With the number of new COVID-19 cases declining, and a relatively low testing positivity rate, Orange County has made its way off the state’s monitoring list.
This is an extremely positive development and a testament to the local communities that have pulled together to reinforce the effectiveness of face coverings and physical distancing. It also brings schools within our county a step closer to resuming in-person instruction, but we’re not there just yet.
Orange County must remain off the state’s watch list for 14 consecutive days, which, with our current trajectory, takes us just beyond Labor Day weekend. Meanwhile, county health officials are cautioning that transmission rates continue to exceed state thresholds in specific ZIP codes, creating localized hotspots in Orange County where in-person instruction may not be recommended at this time.
Reopening for in-person instruction is a district decision, guided by the local health officer. Many factors must be considered, including, most critically, the health and safety of students and staff. To that end, our districts are working closely with the OC Health Care Agency to monitor community data and will seek guidance from the agency’s director to help determine when local conditions allow them to safely resume in-person instruction with modified or hybrid models.
Since last spring, school districts have been pursuing enhanced distance learning options while simultaneously working toward a resumption of in-person instruction. This has involved countless hours of planning in consultation with stakeholders and partner agencies, including the Orange County Department of Education, the OC Health Care Agency and the California Department of Public Health. In short, we believe we have the plans, protocols and facility modifications necessary to maximize safety once physical classes resume. But we also need your help.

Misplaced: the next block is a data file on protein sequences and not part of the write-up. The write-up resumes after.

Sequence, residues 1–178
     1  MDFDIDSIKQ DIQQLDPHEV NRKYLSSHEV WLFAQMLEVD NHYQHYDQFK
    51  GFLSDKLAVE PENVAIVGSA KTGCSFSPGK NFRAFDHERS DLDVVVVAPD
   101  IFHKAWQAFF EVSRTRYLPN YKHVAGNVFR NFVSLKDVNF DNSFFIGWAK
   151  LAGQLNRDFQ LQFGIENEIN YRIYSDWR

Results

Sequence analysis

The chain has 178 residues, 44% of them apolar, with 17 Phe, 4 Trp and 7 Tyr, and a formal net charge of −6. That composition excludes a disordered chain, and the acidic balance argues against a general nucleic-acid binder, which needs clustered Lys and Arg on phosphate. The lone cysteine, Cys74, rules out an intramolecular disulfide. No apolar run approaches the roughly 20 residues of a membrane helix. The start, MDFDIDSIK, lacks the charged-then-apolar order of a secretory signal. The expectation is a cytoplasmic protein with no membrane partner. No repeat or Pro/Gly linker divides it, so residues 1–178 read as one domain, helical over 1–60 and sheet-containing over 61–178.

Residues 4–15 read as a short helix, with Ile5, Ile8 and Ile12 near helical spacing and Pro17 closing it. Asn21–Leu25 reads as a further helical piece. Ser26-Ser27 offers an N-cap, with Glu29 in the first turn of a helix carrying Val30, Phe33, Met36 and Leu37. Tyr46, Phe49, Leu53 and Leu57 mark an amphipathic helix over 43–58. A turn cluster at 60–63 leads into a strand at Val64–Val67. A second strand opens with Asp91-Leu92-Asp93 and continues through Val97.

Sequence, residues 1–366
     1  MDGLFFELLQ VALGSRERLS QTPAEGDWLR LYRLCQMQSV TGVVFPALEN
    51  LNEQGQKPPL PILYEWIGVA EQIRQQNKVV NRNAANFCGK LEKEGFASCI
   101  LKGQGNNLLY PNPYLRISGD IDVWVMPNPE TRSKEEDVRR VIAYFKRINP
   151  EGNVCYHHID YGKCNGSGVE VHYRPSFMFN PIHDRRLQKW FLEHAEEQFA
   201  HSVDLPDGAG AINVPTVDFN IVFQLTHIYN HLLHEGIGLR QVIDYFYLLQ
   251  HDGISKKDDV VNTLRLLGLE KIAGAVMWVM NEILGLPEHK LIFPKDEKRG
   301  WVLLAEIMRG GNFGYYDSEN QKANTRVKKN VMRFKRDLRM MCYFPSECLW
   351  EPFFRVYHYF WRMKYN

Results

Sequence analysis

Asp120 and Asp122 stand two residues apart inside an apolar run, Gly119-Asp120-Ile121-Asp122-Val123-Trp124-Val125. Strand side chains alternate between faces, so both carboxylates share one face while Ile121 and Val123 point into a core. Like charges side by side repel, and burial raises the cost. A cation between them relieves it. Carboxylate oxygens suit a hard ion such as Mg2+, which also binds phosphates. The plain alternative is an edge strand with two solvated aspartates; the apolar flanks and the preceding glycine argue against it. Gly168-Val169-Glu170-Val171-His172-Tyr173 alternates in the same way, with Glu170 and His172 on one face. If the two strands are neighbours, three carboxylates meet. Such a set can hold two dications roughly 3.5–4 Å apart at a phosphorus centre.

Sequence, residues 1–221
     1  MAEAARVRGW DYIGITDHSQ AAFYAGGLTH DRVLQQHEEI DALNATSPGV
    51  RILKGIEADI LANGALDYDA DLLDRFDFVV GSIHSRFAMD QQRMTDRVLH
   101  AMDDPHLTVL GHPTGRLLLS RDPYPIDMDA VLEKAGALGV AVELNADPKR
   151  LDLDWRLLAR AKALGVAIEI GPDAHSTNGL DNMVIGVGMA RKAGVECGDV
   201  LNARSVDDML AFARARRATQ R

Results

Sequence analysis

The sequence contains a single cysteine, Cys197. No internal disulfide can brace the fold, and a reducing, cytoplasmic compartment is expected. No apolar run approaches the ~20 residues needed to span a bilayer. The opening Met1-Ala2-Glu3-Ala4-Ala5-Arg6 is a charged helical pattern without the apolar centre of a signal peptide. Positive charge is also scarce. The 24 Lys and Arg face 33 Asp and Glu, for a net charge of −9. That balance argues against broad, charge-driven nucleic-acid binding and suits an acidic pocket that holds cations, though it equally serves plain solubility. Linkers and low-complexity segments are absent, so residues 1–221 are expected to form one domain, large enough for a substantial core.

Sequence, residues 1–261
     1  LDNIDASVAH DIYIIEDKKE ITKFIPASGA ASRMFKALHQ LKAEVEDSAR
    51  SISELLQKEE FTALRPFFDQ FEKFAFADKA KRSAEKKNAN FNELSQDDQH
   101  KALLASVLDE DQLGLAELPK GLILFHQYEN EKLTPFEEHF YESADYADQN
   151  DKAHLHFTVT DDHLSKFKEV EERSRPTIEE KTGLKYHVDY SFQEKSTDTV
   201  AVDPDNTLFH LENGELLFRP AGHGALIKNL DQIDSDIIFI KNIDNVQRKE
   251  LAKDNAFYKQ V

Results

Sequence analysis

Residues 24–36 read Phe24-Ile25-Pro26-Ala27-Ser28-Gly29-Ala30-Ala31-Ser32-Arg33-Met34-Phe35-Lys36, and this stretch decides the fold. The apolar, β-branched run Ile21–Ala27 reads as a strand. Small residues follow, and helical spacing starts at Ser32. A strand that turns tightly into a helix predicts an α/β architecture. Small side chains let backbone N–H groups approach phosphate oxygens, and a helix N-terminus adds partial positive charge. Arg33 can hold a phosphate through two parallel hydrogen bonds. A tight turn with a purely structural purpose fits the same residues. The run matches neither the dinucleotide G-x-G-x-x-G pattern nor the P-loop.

As we track Orange County’s COVID-19 dashboard, and count the number of days our county has spent off the watch list, I encourage you to discuss with your child what a return to school will look like. Reinforce the importance of hand-washing, physical distancing and face coverings as ways we can help keep our community safe. And if your child has any underlying health issues, please schedule an appointment with your pediatrician to talk about risk factors for vulnerable children. While children have shown less severe symptoms associated with the coronavirus, Health Care Agency Director Dr. Clayton Chau affirms that underlying conditions, including obesity and diabetes, put children at a much higher risk for serious illnesses.
“We will have to discuss risks for vulnerable children, as well as addressing health issues in children such as obesity, diabetes, etc.,” he told the Orange County Register.
The past six months have represented an extraordinary time in our history, forcing educators and parents to familiarize themselves with the language and data used by epidemiologists. None of this has been easy, and we’ve seen our share of differing opinions and reconsidered assumptions.
Yet one thing we can all agree on is our desire to welcome students back to safe and equitable learning environments, where they can engage with teachers and socialize with peers. We also want to do everything possible to protect the health of our valued teachers and staff members, and we must do our part to prevent our campuses from becoming widespread drivers of community transmission, which could reverse the progress we’ve made.
For these reasons, we will continue to closely follow the guidance of our public health partners, including the county Health Care Agency and the California Department of Public Health.
We are not out of the woods yet, but there are promising signs that our county is moving in the right direction. With continued vigilance, and your partnership, we can turn this corner and safely welcome students back to the classroom, together.